The advance from the simple to the complex, through a process of successive differentiations, is seen alike in the earliest changes of the Universe to which we can reason our way back, and in the earliest changes which we can inductively establish; it is seen in the geologic and climatic evolution of the Earth; it is seen in the unfolding of every single organism on its surface, and in the multiplication of kinds of organisms; it is seen in the evolution of Humanity, whether contemplated in the civilized individual, or in the aggregate of races; it is seen in the evolution of Society in respect alike of its political, its religious, and its economical organization; and it is seen in the evolution of all those endless concrete and abstract products of human activity which constitute the environment of our daily life. From the remotest past which Science can fathom, up to the novelties of yesterday, that in which Progress essentially consists, is the transformation of the homogeneous into the heterogeneous.
The methods of science aren’t foolproof, but they are indefinitely perfectible. Just as important: there is a tradition of criticism that enforces improvement whenever and wherever flaws are discovered. The methods of science, like everything else under the sun, are themselves objects of scientific scrutiny, as method becomes methodology, the analysis of methods. Methodology in turn falls under the gaze of epistemology, the investigation of investigation itself—nothing is off limits to scientific questioning. The irony is that these fruits of scientific reflection, showing us the ineliminable smudges of imperfection, are sometimes used by those who are suspicious of science as their grounds for denying it a privileged status in the truth-seeking department—as if the institutions and practices they see competing with it were no worse off in these regards. But where are the examples of religious orthodoxy being simply abandoned in the face of irresistible evidence? Again and again in science, yesterday’s heresies have become today’s new orthodoxies. No religion exhibits that pattern in its history.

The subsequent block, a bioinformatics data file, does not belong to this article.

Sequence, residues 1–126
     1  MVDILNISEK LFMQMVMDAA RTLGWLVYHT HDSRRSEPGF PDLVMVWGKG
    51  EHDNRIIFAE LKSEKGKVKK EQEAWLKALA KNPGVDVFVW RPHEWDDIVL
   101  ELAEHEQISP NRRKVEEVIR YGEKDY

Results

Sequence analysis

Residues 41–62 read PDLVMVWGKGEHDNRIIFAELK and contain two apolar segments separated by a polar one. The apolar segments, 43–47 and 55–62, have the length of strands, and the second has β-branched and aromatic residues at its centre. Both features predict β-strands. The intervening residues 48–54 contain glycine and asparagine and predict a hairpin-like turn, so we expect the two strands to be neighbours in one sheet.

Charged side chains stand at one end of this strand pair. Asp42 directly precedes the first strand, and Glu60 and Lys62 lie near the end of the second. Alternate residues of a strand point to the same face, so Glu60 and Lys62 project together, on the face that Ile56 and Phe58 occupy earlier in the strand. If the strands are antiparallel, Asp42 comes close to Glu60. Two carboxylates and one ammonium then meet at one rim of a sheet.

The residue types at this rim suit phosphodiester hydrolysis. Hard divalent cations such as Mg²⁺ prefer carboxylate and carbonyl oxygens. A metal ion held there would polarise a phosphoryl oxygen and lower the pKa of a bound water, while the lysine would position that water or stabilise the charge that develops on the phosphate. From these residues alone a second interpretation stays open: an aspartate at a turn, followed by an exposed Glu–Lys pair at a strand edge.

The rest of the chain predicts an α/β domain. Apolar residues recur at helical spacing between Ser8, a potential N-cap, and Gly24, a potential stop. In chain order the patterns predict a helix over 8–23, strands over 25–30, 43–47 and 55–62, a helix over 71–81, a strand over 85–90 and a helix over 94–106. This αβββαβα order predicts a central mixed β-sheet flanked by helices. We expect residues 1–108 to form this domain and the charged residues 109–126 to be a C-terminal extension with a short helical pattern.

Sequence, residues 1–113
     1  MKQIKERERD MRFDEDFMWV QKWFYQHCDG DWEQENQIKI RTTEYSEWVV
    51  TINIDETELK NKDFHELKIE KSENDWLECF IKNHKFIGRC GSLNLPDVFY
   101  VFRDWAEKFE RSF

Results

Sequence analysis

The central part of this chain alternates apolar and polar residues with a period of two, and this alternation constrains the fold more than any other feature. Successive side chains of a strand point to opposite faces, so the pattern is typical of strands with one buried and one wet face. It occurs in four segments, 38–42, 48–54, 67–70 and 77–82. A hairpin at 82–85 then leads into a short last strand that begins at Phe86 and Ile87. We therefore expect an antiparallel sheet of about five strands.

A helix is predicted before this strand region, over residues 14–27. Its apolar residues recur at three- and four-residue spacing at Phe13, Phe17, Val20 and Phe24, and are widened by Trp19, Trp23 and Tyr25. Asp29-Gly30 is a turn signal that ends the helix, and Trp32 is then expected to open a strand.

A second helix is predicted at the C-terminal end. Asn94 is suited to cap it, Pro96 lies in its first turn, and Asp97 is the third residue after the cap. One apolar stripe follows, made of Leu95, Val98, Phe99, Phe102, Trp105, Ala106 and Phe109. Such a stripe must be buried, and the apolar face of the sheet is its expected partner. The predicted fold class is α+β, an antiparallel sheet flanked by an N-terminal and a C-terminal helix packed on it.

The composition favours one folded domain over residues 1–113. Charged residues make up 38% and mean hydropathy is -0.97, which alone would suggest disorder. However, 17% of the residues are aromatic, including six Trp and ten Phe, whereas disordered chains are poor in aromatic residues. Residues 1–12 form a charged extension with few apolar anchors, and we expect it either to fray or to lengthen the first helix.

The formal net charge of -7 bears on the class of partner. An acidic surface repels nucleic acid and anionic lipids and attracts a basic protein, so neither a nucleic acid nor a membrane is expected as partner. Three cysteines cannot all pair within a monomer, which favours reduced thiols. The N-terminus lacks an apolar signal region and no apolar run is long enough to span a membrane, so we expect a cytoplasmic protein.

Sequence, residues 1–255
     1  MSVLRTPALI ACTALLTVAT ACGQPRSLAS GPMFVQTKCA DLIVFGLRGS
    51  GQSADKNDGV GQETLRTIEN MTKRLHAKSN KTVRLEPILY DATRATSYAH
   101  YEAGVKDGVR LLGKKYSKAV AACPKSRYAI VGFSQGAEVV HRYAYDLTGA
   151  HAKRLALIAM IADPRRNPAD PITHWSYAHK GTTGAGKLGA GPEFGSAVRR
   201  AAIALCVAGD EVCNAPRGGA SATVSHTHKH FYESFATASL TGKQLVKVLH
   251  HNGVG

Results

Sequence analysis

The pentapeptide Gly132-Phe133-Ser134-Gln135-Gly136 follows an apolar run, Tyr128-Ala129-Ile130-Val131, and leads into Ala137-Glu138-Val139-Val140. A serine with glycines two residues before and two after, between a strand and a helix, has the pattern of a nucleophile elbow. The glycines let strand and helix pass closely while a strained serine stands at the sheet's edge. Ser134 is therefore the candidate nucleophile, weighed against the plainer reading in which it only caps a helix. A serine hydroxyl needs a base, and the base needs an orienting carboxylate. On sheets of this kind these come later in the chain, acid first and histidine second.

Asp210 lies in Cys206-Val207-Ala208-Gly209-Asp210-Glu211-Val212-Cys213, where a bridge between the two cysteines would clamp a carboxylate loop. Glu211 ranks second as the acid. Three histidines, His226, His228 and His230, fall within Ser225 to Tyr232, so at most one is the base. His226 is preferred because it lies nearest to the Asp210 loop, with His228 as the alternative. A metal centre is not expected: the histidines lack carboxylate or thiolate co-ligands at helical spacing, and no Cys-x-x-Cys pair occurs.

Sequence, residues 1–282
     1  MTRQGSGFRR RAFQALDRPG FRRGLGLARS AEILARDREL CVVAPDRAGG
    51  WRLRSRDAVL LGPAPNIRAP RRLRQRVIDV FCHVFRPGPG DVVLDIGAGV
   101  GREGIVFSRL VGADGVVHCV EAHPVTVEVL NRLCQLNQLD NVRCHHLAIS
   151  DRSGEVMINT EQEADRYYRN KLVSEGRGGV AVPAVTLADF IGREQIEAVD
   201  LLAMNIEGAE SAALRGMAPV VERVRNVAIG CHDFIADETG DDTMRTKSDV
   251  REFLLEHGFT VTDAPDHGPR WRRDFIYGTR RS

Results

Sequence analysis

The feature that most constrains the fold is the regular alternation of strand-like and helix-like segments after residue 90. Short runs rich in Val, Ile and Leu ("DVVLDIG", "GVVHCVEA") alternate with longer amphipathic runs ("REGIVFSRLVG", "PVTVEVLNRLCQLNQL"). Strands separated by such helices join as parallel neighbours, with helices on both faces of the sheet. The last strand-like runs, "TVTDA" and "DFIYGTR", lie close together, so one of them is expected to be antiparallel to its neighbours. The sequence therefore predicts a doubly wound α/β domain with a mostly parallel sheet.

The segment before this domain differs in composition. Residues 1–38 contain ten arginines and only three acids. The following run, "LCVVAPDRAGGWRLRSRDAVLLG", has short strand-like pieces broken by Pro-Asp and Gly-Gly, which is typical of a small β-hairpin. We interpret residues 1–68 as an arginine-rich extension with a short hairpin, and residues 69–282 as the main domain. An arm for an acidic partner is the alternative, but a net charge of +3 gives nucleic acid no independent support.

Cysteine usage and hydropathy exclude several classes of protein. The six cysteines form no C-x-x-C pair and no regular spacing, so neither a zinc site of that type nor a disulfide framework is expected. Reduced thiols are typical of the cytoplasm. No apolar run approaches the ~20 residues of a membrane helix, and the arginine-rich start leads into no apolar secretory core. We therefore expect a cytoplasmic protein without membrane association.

The most important and urgent problems of the technology of today are no longer the satisfactions of the primary needs or of archetypal wishes, but the reparation of the evils and damages by technology of yesterday.
The nation that prepares for war will sooner or later have war. We get just anything we prepare for, and we get nothing else. Everything that happens is a sequence: this happened today because you did that yesterday.
The oldest empires,—what we called venerable antiquity, now that we have true measures of duration, show like creations of yesterday. … The old six thousand years of chronology become a kitchen clock,—no more a measure of time than an hour-glass or an egg-glass,—since the duration of geologic periods has come into view.
The Patent-Office Commissioner knows that all machines in use have been invented and re-invented over and over; that the mariner’s compass, the boat, the pendulum, glass, movable types, the kaleidoscope, the railway, the power-loom, etc., have been many times found and lost, from Egypt, China and Pompeii down; and if we have arts which Rome wanted, so also Rome had arts which we have lost; that the invention of yesterday of making wood indestructible by means of vapor of coal-oil or paraffine was suggested by the Egyptian method which has preserved its mummy-cases four thousand years.
The philosophies of one age have become the absurdities of the next, and the foolishness of yesterday has become the wisdom of tomorrow.
The question grows more troubling with each passing year how much of what yesterday’s science fiction regarded as unspeakably dreadful has become today’s awardwinning research
The testament of science is so continually in a flux that the heresy of yesterday is the gospel of today and the fundamentalism of tomorrow. [Coauthor with James R. Newman]